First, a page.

The Taipei District Court yesterday found former Democratic Progressive Party chairman Shih Ming-teh (施明德) and 15 others not guilty of violating the Assembly and Parade Act (集會遊行法) for unregistered protests during the 2006 Double Ten National Day.
Shih launched a protest movement in August 2006 aimed at forcing then-president Chen Shui-bian (陳水扁) to resign.
On Double Ten National Day, Oct. 10, Shih led thousands of red-clad protesters at a rally outside Taipei Railway Station in an attempt to “besiege” the Presidential Office.
Prosecutors said that the anti-Chen campaign organizers had not applied for a permit from the Taipei City Police Department to hold a parade or rally, as required by the Assembly and Parade Act.
The Taipei District Court yesterday said in a ruling that although the police had put up warning signs and broadcast requests to the organizers for the crowd to disperse, it was unlikely that so many thousands of protesters could respond to the requests, and therefore under the “principle of proportionality” it could not prove that the organizers violated the Assembly and Parade Act.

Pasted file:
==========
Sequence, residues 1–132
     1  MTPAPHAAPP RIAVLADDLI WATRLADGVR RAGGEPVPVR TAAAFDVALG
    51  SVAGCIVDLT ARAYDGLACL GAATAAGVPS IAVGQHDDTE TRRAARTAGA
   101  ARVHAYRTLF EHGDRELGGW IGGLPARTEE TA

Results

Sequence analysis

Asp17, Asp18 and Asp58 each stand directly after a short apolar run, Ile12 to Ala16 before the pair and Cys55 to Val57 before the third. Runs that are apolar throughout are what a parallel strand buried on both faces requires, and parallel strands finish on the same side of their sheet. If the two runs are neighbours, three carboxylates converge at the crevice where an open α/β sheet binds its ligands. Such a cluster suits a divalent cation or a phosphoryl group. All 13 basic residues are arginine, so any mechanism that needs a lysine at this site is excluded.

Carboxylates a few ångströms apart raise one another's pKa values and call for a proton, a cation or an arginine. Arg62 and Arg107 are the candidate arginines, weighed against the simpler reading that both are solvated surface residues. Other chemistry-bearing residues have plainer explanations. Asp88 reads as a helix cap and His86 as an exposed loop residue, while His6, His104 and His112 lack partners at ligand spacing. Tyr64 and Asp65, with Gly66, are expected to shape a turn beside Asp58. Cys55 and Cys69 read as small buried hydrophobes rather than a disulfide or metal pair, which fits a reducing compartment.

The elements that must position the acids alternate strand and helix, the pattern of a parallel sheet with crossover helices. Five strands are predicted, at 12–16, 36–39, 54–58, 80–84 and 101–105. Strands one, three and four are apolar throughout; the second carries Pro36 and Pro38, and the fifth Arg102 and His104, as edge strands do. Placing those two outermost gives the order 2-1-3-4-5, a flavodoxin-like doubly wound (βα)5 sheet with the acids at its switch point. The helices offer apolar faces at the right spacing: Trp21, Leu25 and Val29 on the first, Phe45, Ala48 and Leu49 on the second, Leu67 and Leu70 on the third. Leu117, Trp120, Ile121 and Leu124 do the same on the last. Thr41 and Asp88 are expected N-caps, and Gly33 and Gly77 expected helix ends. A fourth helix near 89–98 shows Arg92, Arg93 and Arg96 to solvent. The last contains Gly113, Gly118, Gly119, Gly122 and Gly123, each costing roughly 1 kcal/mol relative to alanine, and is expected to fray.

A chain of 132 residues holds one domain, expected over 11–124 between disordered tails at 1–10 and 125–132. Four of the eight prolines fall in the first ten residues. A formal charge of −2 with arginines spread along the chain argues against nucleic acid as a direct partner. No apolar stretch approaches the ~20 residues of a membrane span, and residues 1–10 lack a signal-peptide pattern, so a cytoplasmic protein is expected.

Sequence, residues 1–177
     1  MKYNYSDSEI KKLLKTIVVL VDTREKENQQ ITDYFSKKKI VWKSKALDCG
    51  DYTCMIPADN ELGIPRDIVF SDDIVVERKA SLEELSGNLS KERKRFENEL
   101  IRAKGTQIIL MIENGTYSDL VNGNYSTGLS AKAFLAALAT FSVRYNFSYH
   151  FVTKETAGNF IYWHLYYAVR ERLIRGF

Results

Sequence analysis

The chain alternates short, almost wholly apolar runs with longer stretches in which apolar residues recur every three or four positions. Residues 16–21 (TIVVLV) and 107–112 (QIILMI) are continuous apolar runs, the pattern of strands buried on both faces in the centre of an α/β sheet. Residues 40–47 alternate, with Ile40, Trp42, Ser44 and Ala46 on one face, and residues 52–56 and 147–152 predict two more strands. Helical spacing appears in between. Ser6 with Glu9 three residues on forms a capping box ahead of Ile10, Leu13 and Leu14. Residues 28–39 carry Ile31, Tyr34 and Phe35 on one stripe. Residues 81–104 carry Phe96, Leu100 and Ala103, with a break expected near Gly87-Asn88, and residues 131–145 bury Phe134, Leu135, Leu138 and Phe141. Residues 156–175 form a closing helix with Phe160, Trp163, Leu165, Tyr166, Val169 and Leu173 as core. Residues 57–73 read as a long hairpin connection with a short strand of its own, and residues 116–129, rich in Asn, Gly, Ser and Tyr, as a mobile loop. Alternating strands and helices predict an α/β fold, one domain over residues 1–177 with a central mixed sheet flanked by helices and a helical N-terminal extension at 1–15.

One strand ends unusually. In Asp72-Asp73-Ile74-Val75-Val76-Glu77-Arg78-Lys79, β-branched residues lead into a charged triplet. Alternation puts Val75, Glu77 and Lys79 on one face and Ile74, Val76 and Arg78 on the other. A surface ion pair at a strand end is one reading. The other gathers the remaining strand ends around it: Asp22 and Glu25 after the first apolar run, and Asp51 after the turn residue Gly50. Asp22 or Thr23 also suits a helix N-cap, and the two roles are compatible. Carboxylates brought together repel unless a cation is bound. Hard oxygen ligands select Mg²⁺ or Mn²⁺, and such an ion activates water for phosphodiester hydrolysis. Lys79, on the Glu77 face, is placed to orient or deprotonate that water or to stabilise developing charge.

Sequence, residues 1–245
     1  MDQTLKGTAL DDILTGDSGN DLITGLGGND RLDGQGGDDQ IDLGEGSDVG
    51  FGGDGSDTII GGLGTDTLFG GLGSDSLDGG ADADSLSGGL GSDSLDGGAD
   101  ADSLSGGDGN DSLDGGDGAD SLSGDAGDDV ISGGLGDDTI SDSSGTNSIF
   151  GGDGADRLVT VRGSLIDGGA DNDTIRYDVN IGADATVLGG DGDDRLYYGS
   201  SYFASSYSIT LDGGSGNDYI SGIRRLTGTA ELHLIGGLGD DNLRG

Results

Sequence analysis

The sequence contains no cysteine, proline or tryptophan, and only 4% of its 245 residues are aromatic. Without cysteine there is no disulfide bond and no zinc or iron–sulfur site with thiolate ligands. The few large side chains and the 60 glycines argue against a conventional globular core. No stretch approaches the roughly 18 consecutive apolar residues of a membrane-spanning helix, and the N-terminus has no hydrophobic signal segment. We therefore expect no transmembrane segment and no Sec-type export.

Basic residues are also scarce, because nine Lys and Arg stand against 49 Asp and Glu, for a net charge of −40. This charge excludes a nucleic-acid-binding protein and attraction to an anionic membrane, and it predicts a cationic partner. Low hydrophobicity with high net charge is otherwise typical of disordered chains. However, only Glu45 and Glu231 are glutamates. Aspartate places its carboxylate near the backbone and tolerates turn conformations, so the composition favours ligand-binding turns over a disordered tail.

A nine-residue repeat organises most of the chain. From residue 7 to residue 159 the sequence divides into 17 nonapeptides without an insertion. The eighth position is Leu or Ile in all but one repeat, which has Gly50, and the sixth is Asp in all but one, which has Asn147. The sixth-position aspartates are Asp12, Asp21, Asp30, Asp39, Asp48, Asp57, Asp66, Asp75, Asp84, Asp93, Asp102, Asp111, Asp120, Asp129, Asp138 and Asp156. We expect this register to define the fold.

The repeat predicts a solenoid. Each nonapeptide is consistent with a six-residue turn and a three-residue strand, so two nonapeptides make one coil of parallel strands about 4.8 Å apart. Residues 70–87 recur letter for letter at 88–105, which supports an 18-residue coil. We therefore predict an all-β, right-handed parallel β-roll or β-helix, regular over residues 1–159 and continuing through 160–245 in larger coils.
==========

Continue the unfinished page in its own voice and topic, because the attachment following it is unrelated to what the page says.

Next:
The ruling also said that evidence failed to prove that the 16 defendants were in charge of the massive protest.
It said that because the government and the legislature had proposed amendments to the Assembly and Parade Act that would abolish the requirement that protest organizers apply for permits from the police, the act remained in question.
Prosecutors indicted Shih in 2006 along with Chinese Nationalist Party (KMT) Legislator Kuo Su-chun (郭素春), People First Party Legislator Shen Chih-hwei (沈智慧), former KMT legislator and Taipei City Department of Cultural Affairs Director Lee Yong-ping (李永萍), Taipei City Research & Development Evaluation Commission Chairman Emile Sheng (盛治仁) and New Party Taipei City Councilor Lee Hsin (李新).
Nine others were named in the indictment: Chien Hsi-chieh, Liu Kun-li (劉坤鱧), Chang Fu-chung (張富忠), Jerry Fan (范可欽), Wang Li-ping (王麗萍), KMT Legislator Lo Shu-lei (羅淑蕾), former New Party legislator Cheng Lung-shui (鄭龍水), former Chinese Unity Promotion Party chairman Lin Cheng-chieh (林正杰), Chinese Culture University professor Yao Li-ming (姚立明) and lawyer John Wei (魏千峰).
The Taipei District Prosecutors’ Office said yesterday the office would decide whether or not to appeal the case to the Taiwan High Court after reading the ruling.